Dr. Suzanne Young remembers her postdoc years—absorbed in her training, she hardly knew about the life sciences landscape outside the lab. A few friends who shared the same sentiment have crafted a group to help bridge the gap between academia and Indiana’s life sciences companies. Indy Science Connect aims to join science professionals at all career stages to build connections that result in collaboration and “a sense of place” within Indiana’s life sciences landscape.
“I was a postdoc myself and really had no networking skills outside my academic network—I didn’t know anyone doing anything but academic work,” says Young, now a consultant in global scientific communications at Eli Lilly and Company. “I knew I didn’t want to be an academic researcher in a lab; I wanted to do other things, but didn’t have any knowledge of what those other things were.”
Founded with three other professional colleagues about two years ago, Indy Science Connect is now about 250 members strong.
“We want post-grad students to be aware of opportunities outside of academia before they graduate—as they’re going through their post-doctoral fellowship,” says Brian Stemme, project director at Indiana’s life sciences initiative BioCrossroads and one of Indy Science Connect’s founding members. “We want them to know what’s here, and that there are a lot of interesting things they can do with their degrees.”
However, the group says it’s evolved from simply introducing postdocs to potential private sector careers; Indy Science Connect says it’s grown to also link professionals with other life sciences colleagues.
“We’re really focused on putting people together who are in the life sciences, because when you have conversation, you get collaboration, and that leads to innovation—and that’s what we want for the state,” says Young. “At our last event, there were two gentlemen who have labs in very close proximity to each other. They didn’t know each other prior to the event, and they left with a plan to collaborate. That sums up our goals.”
The group is free to join and connects virtually via LinkedIn, Twitter and its website, but also holds regular meetings and events where members can collaborate face-to-face. Indy Science Connect draws professionals mostly from central Indiana companies, including Lilly, Covance, Navigant Consulting, Inc., AIT Bioscience and Ice Miller. From academic institutions, Indiana University School of Medicine, Purdue University, IU and Purdue tech transfer professionals and Marian and Butler universities fill its roster.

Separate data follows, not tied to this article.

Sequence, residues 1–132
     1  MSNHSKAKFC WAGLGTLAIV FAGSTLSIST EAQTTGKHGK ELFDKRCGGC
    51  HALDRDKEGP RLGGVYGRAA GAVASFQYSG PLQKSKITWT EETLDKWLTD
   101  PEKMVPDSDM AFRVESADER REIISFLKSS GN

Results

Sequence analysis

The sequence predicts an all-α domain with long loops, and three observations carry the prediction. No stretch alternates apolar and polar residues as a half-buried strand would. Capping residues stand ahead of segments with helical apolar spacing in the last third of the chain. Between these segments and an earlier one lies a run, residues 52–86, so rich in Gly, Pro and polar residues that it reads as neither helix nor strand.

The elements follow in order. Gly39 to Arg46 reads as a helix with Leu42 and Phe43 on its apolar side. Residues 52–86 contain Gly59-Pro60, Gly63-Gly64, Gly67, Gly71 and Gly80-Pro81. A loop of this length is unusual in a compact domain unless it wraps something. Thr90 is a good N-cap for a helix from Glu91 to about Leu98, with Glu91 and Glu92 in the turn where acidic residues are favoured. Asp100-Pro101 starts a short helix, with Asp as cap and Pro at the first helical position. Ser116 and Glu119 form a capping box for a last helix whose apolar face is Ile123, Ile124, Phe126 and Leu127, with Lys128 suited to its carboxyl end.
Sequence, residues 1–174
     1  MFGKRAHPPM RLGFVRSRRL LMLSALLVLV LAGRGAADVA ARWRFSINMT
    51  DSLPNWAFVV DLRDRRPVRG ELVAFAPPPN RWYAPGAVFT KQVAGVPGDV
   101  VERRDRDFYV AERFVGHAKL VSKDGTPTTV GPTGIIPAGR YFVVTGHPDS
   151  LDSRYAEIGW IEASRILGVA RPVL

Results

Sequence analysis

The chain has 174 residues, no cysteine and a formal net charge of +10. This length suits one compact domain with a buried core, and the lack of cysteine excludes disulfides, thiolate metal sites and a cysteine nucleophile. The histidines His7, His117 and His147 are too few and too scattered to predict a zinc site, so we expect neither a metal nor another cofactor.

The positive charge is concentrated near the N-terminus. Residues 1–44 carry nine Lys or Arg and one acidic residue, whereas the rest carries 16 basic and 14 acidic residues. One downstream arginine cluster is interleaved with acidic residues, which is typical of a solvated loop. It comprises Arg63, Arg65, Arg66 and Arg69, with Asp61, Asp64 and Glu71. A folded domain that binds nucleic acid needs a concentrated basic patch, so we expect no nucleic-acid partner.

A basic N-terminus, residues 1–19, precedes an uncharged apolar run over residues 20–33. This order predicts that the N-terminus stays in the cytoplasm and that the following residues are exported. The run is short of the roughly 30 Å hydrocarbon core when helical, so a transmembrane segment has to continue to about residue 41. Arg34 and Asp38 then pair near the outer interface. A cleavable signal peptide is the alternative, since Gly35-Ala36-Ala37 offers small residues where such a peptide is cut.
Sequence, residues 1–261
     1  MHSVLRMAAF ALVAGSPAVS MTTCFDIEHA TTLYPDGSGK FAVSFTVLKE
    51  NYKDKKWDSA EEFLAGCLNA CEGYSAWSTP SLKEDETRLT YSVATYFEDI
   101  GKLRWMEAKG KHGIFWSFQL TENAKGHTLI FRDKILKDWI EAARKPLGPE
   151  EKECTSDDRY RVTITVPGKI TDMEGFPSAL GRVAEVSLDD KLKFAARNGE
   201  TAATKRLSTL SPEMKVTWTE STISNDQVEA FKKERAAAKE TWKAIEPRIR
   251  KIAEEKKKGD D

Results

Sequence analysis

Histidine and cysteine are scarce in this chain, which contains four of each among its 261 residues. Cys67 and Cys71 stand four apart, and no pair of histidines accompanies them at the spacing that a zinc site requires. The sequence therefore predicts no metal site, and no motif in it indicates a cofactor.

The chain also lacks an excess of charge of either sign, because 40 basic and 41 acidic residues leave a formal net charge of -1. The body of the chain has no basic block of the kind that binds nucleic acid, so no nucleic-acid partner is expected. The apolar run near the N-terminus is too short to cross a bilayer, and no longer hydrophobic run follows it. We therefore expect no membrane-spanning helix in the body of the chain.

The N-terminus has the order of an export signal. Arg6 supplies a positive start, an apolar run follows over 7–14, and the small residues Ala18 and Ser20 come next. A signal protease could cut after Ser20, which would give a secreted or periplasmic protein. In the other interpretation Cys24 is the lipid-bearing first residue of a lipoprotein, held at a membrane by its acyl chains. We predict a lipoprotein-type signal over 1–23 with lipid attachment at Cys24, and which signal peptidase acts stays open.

The events provide updates on emerging life sciences projects in the Indianapolis area—such as 16 Tech and the Indiana Biosciences Research Institute—and helps build “a sense of place” among the region’s academic and private sector professionals.
“I want to keep Indianapolis and Indiana in mind for folks when they think about their career planning,” says Young. “I really want it to be a difficult choice to leave Indiana.”
The events draw more than 100 people and the group says it’s getting “overwhelmingly positive feedback.” Stemme is hopeful Indy Science Connect can grow to have about 500 members, “because that’s how the ecosystem continues to develop.”
“There are capable people here and a huge amount of science being done in this region—whether that’s at a big company like Lilly, or a startup, or people remaining in academia and continuing to do really interesting research,” says Stemme. “I’m excited for people to learn more about what’s going on outside their universe and the value of the other side of the equation.”
With a growing number of people joining a forum “that didn’t exist before,” Indy Science Connect expects the momentum to continue to build.
“Sometimes it’s little things like this that end up growing spontaneously,” says Stemme. “This is a small effort, but we think in a small way—and hopefully getting bigger—that we can make a difference in keeping and attracting talent to the area.”
Young says Indy Science Connect is receiving “overwhelmingly positive feedback.”
While Indy Science Connect often initiates job opportunities, Stemme says its mission goes beyond that.